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Categories: Tech/Science News

In Praise of the Solo Programmer

Slashdot - Thu, 08/27/2015 - 14:13
HughPickens.com writes: Jean-Louis Gassée writes that once upon a time, we were awestruck by the solo programmer who could single-handedly write a magnum opus on a barebones machine like the Apple ][ with its 64 kilobytes of memory and an 8-bit processor running at 1MHz. Once such giant was Paul Lutus, known as the Oregon Hermit, who won a place next to Jobs and Wozniak in the Bandley Drive Hall of Fame for his Apple Writer word processor. "Those were the days Computers and their operating systems were simple and the P in Personal Computers applied to the programmer," writes Gassée. "There's no place for a 2015 Paul Lutus. But are things really that dire?" As it turns out, the size and complexity of operating systems and development tools do not pose completely insurmountable obstacles; There are still programs of hefty import authored by one person. One such example is Preview, Mac's all-in-one file viewing and editing program. The many superpowers of Apple's Preview does justice to the app's power and flexibility authored by a solo, unnamed programmer who has been at it since the NeXT days. Newer than Preview but no less ambitious, is Gus Mueller's Acorn, an "Image Editor for Humans", now in version 5 at the Mac App Store. Mueller calls his Everett, WA company a mom and pop shop because his spouse Kristin does the documentation when she isn't working as a Physical Therapist. Gus recently released Acorn 5 fixing hundreds of minor bugs and annoyances. "It took months and months of work, it was super boring and mind numbing and it was really hard to justify, and it made Acorn 5 super late," writes Mueller. "But we did it anyway, because something in us felt that software quality has been going downhill in general, and we sure as heck weren't going to let that happen to Acorn."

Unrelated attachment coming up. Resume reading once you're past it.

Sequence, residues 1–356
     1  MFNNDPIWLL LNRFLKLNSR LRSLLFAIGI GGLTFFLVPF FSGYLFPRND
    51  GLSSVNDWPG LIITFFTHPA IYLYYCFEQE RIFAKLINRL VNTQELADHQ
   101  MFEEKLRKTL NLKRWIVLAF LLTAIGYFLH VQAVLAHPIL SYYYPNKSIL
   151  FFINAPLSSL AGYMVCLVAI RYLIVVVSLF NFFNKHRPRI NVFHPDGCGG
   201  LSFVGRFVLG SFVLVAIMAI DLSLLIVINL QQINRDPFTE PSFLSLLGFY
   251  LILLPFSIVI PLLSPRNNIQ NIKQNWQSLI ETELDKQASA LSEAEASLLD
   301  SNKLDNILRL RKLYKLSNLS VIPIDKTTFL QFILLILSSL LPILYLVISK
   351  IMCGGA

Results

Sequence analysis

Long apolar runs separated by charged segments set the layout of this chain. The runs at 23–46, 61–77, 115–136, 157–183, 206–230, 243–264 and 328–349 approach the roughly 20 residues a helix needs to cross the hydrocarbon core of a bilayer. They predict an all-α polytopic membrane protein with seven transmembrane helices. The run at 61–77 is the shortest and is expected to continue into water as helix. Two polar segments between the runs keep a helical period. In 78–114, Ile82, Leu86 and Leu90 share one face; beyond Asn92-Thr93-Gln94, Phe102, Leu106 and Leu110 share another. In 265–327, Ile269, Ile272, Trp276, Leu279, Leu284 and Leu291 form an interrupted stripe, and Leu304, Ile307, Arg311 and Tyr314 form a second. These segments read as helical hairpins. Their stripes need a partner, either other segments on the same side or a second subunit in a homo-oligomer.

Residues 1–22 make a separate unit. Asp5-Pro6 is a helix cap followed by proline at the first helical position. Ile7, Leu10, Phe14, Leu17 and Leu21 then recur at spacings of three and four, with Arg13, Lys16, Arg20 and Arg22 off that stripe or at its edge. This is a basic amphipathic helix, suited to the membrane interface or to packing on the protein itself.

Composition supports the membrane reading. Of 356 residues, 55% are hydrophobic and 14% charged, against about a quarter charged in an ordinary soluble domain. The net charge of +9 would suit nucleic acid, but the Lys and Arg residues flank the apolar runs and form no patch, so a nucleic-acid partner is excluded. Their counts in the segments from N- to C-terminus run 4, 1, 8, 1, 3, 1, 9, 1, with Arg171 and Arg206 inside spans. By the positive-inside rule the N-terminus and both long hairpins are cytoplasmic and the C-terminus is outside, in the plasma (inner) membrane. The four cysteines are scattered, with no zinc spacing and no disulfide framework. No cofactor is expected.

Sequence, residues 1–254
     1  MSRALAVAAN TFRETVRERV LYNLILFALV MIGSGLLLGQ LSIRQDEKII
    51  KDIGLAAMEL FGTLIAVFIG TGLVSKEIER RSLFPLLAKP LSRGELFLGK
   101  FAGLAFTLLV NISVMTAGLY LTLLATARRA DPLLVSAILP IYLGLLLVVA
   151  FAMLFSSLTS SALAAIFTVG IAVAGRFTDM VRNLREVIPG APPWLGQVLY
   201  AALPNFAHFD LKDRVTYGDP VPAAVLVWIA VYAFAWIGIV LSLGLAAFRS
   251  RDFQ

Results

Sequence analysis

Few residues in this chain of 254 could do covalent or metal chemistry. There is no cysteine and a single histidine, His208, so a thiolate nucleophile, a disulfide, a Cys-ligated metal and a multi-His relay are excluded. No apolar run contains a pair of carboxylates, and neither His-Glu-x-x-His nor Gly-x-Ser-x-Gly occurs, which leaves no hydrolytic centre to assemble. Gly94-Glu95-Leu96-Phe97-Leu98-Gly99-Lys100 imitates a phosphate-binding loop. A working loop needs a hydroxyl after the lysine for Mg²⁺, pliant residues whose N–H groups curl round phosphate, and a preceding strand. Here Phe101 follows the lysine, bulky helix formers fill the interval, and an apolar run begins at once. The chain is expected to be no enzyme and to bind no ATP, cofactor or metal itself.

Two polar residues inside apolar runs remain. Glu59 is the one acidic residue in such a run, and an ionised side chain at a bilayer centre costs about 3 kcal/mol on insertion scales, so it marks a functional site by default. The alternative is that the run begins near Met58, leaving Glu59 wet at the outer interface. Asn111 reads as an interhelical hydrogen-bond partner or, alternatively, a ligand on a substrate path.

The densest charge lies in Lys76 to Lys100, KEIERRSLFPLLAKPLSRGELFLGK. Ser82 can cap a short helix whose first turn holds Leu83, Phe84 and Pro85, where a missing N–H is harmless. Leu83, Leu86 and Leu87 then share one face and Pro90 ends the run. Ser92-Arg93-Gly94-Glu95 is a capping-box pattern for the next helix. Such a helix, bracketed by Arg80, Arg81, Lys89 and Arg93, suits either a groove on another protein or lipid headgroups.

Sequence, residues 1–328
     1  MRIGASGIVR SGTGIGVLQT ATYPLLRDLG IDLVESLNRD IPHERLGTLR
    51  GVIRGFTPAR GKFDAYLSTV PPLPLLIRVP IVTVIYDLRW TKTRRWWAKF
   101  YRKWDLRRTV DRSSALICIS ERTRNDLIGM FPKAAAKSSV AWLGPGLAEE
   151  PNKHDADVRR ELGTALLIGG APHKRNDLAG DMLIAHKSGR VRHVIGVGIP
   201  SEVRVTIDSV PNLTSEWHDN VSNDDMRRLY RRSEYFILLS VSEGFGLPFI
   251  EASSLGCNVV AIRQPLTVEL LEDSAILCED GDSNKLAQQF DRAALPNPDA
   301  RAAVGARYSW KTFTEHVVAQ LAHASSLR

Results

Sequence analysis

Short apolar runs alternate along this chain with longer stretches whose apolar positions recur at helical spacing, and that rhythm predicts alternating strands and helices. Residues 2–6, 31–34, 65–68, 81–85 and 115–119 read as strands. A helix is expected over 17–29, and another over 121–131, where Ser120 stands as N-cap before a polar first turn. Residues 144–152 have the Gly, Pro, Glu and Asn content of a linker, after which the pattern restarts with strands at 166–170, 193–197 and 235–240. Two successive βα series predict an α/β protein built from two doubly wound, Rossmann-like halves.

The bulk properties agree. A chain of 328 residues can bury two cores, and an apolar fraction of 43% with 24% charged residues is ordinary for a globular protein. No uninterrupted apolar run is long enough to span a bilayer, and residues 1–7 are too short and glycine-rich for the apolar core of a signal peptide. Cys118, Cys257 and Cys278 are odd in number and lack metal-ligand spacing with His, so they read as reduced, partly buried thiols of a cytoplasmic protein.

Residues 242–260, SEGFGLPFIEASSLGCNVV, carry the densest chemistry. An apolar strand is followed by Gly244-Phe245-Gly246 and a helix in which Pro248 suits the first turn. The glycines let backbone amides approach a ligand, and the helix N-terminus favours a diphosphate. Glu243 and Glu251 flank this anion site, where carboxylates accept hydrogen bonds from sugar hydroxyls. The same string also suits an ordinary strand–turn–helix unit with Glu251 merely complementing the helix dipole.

Read more of this story at Slashdot.

Categories: Tech/Science News

Many Drivers Never Use In-Vehicle Tech, Don't Want Apple Or Google In Next Car

Slashdot - Thu, 08/27/2015 - 13:27
Lucas123 writes: Many of the high-tech features automakers believe owners want in their vehicles are not only not being used by them, but they don't want them in their next vehicle, according to a new survey by J.D. Power. According to J.D. Power's 2015 Driver Interactive Vehicle Experience (DrIVE) Report, 20% of new-vehicle owners have never used 16 of 33 of the latest technology features. The five features owners most commonly report that they "never use" are in-vehicle concierge (43%); mobile routers (38%); automatic parking systems (35%); heads-up display (33%); and built-in apps (32%). Additionally, there are 14 technology features that 20% or more of owners don't even want in their next vehicle. Those features include Apple CarPlay and Google Android Auto, in-vehicle concierge services and in-vehicle voice texting. When narrowed to just Gen Yers, the number of vehicle owners who don't want entertainment and connectivity systems increases to 23%.